Getting back to customers quickly isn't enough to make your brand stand out. According to Gartner, by 2020, 90% of companies will be utilizing social media for customer service. This means that social customer service is now more of a requirement than a recommendation for your brand. It's vital for your company to spend the time figuring out what today's connected consumer expects from their digitally-enabled customer service.
Social media can render customer service a cohesive and engaging experience. If misemployed, however, it can lose you customers or harm your company's reputation, and in a highly public way.
Think of social customer service as a branding opportunity. Interacting with customers on a public platform adds a greater level of responsibility. People are watching and taking note of how your company does at assisting current as well as prospective customers.
The following are three common mistakes companies make with their social customer service. By avoiding them, you'll be able to turn customers into brand advocates and fans.
Ranking efficiency over familiarity
Customers are reaching out to companies via messenger more and more. Automated messaging is great for streamlining purposes. MIT Technology Review found in 2017 over 90% of world-known brands use artificial intelligence for such purposes. But customer service specialists are crucial for those delicate and intricate issues that require the human touch. After all, emotions drive consumers' decisions.
People respond well to communication and assistance that is genuine and personal. This lies in the small details: addressing someone by name, letting them know your own name, and other ways you show your consumers you hear and understand where they are coming from.
Never underestimate the power of empathy and meeting your customers where they are. Don't forget to follow-up with them and confirm that their issue has been fully resolved. It's possible to be both timely and friendly.
Ignoring the good stuff
Don't forget to celebrate your customer service successes. According to Esteban Kolsky of ThinkJar, 72% of customers will share with six people or more about their positive customer service experience. In other words, your social customer service has the power to turn consumers into vocal fans, and onlookers into first time customers. When someone posts about a positive experience they had with your company, be sure to thank them and share their opinion--you'll build credibility by doing so. Your customers want to see that you are competent and authentic when carrying out customer service.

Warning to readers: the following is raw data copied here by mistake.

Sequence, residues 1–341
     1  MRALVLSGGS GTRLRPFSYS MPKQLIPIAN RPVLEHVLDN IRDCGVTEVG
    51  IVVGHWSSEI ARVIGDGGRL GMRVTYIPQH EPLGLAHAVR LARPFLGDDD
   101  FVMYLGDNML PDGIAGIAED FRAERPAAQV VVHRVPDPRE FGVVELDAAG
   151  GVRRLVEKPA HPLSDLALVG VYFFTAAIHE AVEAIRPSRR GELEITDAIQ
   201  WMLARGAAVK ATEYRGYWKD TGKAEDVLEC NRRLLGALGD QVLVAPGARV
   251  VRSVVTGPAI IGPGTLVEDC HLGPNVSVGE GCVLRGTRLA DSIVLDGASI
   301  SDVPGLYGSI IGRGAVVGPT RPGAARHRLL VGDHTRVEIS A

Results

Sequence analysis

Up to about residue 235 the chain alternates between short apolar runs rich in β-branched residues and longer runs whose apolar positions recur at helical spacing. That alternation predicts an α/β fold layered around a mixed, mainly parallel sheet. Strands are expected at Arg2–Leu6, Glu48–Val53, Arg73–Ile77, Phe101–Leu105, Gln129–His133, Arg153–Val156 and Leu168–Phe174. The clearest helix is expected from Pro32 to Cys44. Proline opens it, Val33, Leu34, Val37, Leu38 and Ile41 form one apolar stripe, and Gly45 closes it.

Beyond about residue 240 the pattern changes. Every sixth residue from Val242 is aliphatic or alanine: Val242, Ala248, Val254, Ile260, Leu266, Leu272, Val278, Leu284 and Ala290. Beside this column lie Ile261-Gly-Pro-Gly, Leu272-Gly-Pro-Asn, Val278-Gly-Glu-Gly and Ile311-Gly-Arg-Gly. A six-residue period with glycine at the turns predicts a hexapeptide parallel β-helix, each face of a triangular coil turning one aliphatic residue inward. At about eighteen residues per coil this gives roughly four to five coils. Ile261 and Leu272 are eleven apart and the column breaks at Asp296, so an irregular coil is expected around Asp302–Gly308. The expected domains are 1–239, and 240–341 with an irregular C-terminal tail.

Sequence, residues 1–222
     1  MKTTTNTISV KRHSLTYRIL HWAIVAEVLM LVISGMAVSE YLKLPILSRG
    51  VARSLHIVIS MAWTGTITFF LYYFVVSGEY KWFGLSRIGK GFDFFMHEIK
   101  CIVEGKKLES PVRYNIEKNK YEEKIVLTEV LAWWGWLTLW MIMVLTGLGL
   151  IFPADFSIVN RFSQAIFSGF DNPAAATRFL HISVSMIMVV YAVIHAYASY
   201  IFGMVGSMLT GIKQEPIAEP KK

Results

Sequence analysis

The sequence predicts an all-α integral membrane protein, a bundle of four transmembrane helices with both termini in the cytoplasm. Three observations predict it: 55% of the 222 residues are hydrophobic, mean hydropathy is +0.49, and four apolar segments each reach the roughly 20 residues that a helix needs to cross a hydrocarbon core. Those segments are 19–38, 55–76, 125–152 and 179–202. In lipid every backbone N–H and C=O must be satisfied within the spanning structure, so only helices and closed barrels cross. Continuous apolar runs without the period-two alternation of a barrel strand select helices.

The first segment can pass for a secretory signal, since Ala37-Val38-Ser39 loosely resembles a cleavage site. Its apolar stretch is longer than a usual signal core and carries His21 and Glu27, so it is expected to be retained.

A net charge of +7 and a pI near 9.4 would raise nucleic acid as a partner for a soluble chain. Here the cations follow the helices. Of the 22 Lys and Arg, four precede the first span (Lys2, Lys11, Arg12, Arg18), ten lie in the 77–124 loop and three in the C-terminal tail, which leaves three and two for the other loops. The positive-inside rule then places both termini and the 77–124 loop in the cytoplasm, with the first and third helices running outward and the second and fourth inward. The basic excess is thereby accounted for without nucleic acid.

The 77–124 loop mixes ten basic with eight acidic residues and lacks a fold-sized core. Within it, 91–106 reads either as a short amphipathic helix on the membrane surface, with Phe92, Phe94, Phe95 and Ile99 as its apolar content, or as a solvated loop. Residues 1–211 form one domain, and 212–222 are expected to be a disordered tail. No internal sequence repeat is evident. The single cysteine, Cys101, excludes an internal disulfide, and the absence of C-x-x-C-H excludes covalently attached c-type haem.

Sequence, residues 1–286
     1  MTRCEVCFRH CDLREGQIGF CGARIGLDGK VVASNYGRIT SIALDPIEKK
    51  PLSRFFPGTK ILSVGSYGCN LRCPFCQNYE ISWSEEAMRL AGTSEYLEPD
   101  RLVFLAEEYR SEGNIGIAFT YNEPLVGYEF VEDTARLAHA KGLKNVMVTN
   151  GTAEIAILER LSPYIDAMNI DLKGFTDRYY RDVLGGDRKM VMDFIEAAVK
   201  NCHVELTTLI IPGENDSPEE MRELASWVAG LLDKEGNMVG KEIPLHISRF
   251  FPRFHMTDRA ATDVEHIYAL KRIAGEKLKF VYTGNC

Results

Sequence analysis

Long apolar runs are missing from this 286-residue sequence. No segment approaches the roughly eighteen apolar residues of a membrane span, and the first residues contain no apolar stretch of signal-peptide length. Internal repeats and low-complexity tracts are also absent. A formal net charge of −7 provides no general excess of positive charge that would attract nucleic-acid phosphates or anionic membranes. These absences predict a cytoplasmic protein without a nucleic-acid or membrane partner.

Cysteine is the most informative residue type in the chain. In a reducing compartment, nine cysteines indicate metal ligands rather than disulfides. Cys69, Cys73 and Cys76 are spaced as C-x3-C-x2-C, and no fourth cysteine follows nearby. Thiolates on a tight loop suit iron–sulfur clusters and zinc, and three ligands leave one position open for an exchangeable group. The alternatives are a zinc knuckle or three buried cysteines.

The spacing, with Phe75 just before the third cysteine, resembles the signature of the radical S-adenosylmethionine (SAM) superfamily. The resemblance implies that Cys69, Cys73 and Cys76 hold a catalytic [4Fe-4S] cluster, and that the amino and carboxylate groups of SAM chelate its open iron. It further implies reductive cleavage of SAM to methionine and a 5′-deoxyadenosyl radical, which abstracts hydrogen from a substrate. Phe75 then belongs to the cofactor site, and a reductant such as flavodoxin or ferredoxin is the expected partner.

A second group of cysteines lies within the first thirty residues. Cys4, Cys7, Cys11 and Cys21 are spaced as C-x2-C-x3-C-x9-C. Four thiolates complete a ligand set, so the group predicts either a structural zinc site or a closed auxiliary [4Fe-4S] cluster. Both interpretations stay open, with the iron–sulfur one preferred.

Only being reactive
Consistently communicate with your customers on social media platforms. Take it upon yourself to notify customers of issues before they come to you with the problem. It is also probable that if a few customers are experiencing a problem, there are others running into the same issue. This is why continual feedback is key. By noticing these complications, and notifying your customer base as soon as possible, you minimize the chances of losing customers' loyalty and respect. Your customers are likely to find your proactive approach kind and considerate.
Transparency is key here. Tell your customers what you're company is doing to the fix problems and when they can expect them to be resolved. Don't be afraid to be the one who provides that initial introduction to your social customer. Doing so builds both brand awareness and brand loyalty.
Customers expect nothing short of superb social customer service. A company's action or lack thereof towards a customer has lasting and real effects. Customer advocacy increases by 25% when a brand responds to a customer complain on social media. If a company fails to respond, however, customer advocacy decreases more than 40%.
Your social media practices can lay the groundwork for continuous customer engagement and can draw a lot of positive attention to your brand. Respond to each and every customer and do so with empathy. Highlight your individual customer service successes and be proactive.
Outstanding customer service is on the rise. The American Express 2017 Customer Service Barometer found that 81% of Americans claim that their expectations for service are being met or even exceeded. Only 67% of Americans felt this way in 2014.
Investing in social customer service is undoubtedly valuable and profitable. When you think about it, what better way is there to market your company than provide your customers with the best service you possibly can?